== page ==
German FM urges closer US cooperation on Iran nuke talks
WASHINGTON (AFP) Jan 25, 2005
German Foreign Minister Joschka Fischer urged Tuesday closer cooperation between the United States and its European allies in efforts to negotiate a dismantling of Iran's suspected nuclear arms program.
"We have to make progress in the diplomatic efforts," Fischer told German reporters before meeting here with outgoing Secretary of State Colin Powell and his designated successor Condoleezza Rice.
Germany, France and Britain have been negotiating with Tehran to persuade the Iranians to renounce their nuclear weapons ambitions, with the United States remaining largely on the sidelines.
Fischer said the Europeans and the Americans "are not very far apart" on the danger that a nuclear-armed Iran would represent, and he appeared to call for greater US involvement in dissuasive efforts.
"I think if we can bring forward diplomacy in a closely coordinated manner between Europe and the United States, this would be an important step forward," the chief German diplomat said.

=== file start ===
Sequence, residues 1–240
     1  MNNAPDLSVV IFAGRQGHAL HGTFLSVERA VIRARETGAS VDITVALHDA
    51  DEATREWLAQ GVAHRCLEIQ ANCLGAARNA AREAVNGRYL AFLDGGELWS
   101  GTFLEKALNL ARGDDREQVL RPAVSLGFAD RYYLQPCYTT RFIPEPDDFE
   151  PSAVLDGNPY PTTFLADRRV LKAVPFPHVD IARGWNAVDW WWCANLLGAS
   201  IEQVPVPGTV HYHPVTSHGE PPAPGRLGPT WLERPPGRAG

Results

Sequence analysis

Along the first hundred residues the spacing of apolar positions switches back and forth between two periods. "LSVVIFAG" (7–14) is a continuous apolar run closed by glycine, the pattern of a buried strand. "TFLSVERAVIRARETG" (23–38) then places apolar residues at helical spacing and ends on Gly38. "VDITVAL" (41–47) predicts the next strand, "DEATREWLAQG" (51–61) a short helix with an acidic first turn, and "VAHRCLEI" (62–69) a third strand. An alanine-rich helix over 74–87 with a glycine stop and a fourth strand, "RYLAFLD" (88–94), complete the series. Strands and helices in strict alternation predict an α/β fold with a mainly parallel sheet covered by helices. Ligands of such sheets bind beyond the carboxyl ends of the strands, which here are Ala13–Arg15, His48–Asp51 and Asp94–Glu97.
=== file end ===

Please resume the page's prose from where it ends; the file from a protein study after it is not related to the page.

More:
"For us it is important that we do all we can to bring together the positions in an intense dialogue across the Atlantic so that we can make diplomatic progress."
Washington insists that after a quarter century of sanctions against Iran that has wiped out bilateral trade and investment, it has little diplomatic or economic leverage left with the Islamic Republic.
President George W. Bush and his administration have ratcheted up their rhetoric, refusing to rule out military action. Vice President Dick Cheney last week said Iran topped the list of global trouble spots.
Fischer said after meeting with Rice that they had a "very constructive discussion and a very open discussion" in preparation for Bush's tour of Europe next month that was likely to include talks on Iran.
He made the rounds in Washington a day after British Foreign Secretary Jack Straw also had talks with Rice and Powell.
State Department spokesman Richard Boucher would not comment on the substance of the diplomatic meetings here but reiterated Washington's hope that the Europeans' negotiations with Iran would succeed.
"We hope that the Iranians agree to take the steps that the EU is looking for and to take the steps that would be required to satisfy the international community of Iran's intentions," Boucher said.All rights reserved. © 2005 Agence France-Presse. Sections of the information displayed on this page (dispatches, photographs, logos) are protected by intellectual property rights owned by Agence France-Presse. As a consequence, you may not copy, reproduce, modify, transmit, publish, display or in any way commercially exploit any of the content of this section without the prior written consent of Agence France-Presse.